Tinea capitis is a contagious dermatophytosis affecting the hair shaft and follicles of the scalp, eyebrows and eyelashes.
It is most common in the crowded areas as infection originates from
contact with a pet or an infected person and asymptomatic carriage
It primarily affects children 3-7 years of age.
The causative agents are the genus Trichophyton and Microsporum.
Cardinal clinical feature is the combination of inflammation with hair breakage and loss.
Individuals with obesity are at an elevated risk of developing infections, particularly that of the skin in both men and women, and those of the gastrointestinal and urinary tracts and sepsis in women only, according to a study.
An increase in intensive care unit (ICU) management and bacterial pneumonia development occurs in children with special risk medical conditions (SRMC), but a rise in the probability of death or need for mechanical ventilation remains inconsistent, suggests a recent study.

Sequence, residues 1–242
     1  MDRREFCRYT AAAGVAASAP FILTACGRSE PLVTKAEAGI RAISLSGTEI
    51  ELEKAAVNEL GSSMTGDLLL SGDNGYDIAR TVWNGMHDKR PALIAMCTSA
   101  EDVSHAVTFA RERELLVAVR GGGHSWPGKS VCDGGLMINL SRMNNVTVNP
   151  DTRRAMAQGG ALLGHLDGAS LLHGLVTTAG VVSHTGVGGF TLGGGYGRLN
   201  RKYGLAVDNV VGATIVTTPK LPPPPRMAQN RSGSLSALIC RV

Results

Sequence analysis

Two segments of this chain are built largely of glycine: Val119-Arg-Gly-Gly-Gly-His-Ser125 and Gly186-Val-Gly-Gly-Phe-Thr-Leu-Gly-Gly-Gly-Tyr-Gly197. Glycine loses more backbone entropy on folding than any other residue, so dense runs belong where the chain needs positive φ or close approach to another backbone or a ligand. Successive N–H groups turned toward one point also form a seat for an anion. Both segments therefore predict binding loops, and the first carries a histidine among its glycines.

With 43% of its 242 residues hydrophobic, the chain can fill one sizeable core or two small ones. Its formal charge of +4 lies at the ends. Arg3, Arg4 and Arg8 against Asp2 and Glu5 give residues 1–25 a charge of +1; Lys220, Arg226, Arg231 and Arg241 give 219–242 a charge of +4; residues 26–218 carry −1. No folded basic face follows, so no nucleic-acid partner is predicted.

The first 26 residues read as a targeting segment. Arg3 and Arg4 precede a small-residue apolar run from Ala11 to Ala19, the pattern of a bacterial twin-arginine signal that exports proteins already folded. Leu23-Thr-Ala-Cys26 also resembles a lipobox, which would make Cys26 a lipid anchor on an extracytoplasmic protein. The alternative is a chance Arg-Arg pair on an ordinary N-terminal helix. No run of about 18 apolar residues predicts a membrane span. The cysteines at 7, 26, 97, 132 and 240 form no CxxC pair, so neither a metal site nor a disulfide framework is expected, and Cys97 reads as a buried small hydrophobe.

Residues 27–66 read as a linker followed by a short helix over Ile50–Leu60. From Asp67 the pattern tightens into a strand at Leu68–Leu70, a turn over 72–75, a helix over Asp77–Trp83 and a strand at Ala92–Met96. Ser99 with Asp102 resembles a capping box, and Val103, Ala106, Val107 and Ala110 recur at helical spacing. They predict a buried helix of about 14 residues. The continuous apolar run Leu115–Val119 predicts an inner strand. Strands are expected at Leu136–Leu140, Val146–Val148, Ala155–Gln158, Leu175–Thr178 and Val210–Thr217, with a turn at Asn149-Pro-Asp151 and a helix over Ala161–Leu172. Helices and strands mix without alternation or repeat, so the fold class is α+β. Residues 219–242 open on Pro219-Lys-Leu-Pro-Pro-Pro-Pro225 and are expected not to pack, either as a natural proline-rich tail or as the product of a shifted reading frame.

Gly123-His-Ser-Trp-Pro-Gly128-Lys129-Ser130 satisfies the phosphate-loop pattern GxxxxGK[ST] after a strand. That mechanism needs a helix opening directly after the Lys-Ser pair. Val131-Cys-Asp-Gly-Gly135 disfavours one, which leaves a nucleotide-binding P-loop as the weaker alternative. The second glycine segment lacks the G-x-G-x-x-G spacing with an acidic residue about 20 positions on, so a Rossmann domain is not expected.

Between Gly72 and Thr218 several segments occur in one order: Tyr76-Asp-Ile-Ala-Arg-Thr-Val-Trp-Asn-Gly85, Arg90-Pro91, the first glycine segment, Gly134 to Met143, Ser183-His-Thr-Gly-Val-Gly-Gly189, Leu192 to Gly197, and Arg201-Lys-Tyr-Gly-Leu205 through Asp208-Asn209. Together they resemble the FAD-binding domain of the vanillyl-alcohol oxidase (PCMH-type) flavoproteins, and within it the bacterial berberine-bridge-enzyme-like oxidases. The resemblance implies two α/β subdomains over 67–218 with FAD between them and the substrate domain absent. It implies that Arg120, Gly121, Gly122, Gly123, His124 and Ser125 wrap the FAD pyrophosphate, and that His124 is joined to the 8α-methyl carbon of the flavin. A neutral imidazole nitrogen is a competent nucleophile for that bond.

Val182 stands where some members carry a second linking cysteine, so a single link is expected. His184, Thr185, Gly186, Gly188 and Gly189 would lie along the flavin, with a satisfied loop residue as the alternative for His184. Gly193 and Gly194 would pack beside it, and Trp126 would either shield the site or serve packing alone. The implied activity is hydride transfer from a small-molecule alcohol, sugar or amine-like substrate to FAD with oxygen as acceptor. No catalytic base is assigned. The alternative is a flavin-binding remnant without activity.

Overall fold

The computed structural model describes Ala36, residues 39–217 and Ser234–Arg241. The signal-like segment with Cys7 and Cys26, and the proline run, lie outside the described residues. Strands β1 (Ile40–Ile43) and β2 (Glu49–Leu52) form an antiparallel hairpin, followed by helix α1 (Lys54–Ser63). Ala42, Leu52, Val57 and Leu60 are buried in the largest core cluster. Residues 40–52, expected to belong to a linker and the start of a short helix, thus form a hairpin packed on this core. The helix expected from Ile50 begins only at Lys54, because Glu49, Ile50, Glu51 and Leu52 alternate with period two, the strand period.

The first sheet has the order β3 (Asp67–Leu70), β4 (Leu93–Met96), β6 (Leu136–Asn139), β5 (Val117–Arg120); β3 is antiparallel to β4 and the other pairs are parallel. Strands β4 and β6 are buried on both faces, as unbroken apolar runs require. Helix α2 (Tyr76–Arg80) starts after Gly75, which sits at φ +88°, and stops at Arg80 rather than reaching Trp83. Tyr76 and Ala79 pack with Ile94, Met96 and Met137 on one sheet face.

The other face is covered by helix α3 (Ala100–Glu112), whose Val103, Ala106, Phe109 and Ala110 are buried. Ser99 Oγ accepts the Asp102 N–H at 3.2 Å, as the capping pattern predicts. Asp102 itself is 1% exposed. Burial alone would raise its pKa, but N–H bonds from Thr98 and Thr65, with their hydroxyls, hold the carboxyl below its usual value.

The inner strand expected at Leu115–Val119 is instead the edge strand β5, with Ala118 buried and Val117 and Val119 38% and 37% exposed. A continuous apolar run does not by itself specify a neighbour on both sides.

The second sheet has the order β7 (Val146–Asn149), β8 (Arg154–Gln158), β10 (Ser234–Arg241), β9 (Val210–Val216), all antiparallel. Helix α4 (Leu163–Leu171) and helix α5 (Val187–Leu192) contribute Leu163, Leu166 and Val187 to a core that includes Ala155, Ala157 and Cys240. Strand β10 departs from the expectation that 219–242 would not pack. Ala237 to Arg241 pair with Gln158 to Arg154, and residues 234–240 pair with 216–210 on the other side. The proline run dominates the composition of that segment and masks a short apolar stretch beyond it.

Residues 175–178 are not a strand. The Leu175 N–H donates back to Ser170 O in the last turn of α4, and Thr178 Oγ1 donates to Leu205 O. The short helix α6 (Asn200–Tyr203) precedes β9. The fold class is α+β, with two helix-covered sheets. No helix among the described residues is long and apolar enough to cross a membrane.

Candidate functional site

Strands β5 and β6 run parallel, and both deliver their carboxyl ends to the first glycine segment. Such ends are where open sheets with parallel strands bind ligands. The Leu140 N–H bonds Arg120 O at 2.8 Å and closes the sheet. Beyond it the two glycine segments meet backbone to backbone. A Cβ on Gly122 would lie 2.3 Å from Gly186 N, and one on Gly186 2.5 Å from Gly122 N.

Oral amoxicillin–clavulanate effectively promotes resolution of nonsevere acute exacerbations in children with non-cystic
fibrosis (CF) bronchiectasis, thus confirming the role of amoxicillin–clavulanate as first-line treatment for bronchiectasis, according to results from the three-arm BEST-1 study.